Recently, I finished watching the new Netflix series, â€˜Dark.â€™ Prior to its availability, though, I was reading headlines like these: Dark Review: Netflixâ€™s German Answer To Stranger Things Is Appropriately Titled, And Far More Grim and Netflixâ€™s Dark: Stranger Things meets The Killing in this supernatural Nordic noir, and to be honest, it kind of pissed me off. To be fair, the articles in question did a pretty good job of distinguishing between the two shows, but why compare them at all? Frankly, they have little to do with each other. Sure, both feature a forbidding forest and missing children. But where â€˜Stranger Thingsâ€™ is a mashup of â€˜ET,â€™ â€˜Stand By Me,â€™ and â€˜Super-8,â€™ â€˜Darkâ€™ is a brooding meditation on Chernobyl, fate, and time travel.
So, what happens when you go with these kinds of attention-grabbing headlines? In my opinion, you create wrong expectations in the viewerâ€™s mind. You know about expectations, right? Like when you sit down with your kids to watch the new Pixar movie, â€˜Coco,â€™ at the local cinema and are greeted with a nearly thirty-minute short about some stupid buck-tooth snowman named Olaf. Yeah. Well, the press was bad. I think I heard there were riots in Mexico.
If by now youâ€™re thinking of giving the show a try, let me offer a piece of advice. Switch the dialogue to German and add the English subtitles. I know, I know. Most people hate subtitles. But you will be in for a treat. Hearing the actorsâ€™ real voices as they navigate through this hell-on-earth is worth it and adds wonderfully to the tension. Trust me on this. Also, pay attention to the music. Itâ€™s spot-on.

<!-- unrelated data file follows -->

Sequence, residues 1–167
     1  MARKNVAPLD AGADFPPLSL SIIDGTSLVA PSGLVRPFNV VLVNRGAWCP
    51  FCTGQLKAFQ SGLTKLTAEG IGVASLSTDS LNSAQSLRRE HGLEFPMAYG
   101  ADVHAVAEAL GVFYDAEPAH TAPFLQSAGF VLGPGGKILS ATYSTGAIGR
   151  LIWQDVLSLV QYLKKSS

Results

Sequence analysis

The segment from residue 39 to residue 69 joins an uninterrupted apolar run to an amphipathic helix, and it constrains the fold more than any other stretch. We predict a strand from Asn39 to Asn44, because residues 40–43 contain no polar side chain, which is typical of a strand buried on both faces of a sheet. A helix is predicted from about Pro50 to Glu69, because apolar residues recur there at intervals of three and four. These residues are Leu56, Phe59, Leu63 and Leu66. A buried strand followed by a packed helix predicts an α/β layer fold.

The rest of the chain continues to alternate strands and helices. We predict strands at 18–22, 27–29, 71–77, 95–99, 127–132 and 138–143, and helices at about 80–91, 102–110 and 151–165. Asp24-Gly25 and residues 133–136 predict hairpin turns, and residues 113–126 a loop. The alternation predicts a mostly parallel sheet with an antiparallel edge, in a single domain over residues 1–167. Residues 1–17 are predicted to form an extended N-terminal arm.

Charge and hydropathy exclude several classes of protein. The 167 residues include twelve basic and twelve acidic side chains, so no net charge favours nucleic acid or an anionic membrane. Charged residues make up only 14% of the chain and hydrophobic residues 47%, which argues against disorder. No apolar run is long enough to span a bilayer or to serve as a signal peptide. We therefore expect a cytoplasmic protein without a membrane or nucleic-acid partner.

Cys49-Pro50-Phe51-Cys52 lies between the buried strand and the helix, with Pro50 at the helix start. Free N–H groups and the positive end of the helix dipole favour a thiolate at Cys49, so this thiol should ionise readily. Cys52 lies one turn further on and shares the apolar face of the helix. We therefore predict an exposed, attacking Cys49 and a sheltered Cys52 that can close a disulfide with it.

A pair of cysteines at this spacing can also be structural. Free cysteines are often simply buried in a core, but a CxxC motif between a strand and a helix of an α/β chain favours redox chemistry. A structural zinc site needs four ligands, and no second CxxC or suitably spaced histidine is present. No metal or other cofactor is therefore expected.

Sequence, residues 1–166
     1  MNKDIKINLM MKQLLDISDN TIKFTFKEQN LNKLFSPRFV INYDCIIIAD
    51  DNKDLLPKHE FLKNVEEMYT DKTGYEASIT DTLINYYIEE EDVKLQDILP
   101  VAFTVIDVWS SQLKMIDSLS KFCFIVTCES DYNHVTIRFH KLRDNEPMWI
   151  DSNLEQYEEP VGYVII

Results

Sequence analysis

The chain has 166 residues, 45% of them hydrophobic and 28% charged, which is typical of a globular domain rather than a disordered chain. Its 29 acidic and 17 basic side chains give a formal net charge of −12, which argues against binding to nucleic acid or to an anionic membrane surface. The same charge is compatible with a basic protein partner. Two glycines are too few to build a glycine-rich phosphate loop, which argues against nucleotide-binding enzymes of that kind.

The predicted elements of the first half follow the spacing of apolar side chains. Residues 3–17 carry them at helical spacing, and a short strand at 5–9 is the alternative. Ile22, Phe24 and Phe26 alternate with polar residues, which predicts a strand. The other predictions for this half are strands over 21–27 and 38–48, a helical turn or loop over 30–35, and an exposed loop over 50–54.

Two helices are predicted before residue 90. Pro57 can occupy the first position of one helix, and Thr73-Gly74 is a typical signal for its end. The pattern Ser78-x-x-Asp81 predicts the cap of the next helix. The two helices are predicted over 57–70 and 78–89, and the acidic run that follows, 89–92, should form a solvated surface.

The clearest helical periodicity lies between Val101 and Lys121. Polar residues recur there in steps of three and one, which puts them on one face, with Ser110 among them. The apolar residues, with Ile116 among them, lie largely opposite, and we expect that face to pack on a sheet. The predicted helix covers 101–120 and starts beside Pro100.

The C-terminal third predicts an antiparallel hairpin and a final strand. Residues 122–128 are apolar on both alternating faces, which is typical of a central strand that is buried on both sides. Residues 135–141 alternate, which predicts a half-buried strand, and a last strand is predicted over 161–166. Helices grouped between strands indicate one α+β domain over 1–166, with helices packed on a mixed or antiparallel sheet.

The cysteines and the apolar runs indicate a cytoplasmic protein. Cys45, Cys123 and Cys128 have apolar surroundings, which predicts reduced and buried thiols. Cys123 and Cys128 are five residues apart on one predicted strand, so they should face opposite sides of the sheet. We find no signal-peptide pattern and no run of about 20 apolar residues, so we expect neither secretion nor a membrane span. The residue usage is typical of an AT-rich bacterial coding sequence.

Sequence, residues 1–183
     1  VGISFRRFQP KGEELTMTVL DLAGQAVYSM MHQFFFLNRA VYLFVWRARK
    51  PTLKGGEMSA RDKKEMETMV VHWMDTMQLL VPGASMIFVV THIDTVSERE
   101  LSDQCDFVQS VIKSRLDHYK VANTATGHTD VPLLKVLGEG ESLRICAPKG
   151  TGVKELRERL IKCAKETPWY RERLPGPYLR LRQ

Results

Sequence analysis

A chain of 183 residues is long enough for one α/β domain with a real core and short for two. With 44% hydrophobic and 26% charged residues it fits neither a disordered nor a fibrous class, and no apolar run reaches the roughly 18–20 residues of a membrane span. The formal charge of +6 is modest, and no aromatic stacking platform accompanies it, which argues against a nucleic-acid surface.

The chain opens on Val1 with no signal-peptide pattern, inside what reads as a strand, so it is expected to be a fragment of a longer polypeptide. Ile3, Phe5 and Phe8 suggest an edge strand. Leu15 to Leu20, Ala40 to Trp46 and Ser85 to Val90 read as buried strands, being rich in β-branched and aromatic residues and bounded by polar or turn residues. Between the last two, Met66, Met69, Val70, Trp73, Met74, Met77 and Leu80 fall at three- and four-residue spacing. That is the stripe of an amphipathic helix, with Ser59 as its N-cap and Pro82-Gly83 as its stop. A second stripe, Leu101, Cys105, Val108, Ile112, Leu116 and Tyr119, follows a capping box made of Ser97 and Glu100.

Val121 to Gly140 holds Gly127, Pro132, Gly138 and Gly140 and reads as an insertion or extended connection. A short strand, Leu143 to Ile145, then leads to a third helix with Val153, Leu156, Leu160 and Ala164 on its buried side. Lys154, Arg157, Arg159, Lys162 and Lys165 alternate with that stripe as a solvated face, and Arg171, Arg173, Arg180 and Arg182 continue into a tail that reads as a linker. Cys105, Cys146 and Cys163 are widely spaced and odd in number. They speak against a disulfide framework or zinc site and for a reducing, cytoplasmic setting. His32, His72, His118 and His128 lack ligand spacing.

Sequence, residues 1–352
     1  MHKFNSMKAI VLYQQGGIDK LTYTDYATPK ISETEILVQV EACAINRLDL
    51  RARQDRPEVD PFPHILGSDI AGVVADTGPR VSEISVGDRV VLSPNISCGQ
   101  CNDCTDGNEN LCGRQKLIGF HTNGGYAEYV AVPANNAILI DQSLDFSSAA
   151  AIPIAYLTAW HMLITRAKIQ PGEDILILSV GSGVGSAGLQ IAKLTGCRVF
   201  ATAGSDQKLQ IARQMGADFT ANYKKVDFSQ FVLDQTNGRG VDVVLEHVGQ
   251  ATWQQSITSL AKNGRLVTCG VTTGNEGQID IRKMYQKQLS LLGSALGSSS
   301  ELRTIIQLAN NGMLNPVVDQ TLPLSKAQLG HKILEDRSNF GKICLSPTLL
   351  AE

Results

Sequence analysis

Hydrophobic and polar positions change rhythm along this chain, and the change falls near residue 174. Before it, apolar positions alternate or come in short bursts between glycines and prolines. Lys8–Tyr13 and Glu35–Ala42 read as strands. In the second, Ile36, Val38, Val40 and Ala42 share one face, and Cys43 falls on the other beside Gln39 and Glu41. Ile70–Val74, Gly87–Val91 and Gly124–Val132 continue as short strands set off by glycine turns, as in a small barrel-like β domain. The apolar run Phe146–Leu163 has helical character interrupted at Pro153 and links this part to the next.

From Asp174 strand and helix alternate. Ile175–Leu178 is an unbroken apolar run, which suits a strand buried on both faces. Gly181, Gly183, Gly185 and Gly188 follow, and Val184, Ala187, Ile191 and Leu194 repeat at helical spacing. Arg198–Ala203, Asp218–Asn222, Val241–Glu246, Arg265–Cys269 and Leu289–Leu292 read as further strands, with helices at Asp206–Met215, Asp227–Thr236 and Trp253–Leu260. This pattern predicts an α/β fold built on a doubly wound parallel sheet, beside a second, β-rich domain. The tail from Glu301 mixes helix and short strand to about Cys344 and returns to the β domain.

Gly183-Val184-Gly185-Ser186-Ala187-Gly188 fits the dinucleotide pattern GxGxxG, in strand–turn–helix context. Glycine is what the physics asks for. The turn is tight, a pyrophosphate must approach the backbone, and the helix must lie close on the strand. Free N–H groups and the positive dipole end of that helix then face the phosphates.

Iâ€™ve found over the years that European storytelling is different from that of America. Europeans like to take their time letting things unfold. Theyâ€™re more philosophical. They donâ€™t shout, but rather speak in low, measured tones that convey an intensity that acts as a window into a personâ€™s darkest secrets. And they like to minimalize the backstory, so you end up having to work hard to get to the bottom of a character rather than listening to some rube monologuing about what made them the way they are. Or worse, smarmy narration that attempts to put a bow on it all.
I will admit â€˜Darkâ€™ is not for everyone. But if you want to explore something different, give it a try. Why, you may even be tempted to get a taste of Nordic Noir a la â€˜The Keeper of Lost Causes.â€™ And donâ€™t get me wrong. I loved â€˜Stranger Thingsâ€™â€”well, the first season, anyway. All Iâ€™m saying is, â€˜Darkâ€™ truly stands on its own. It doesnâ€™t need help from some other successful American series.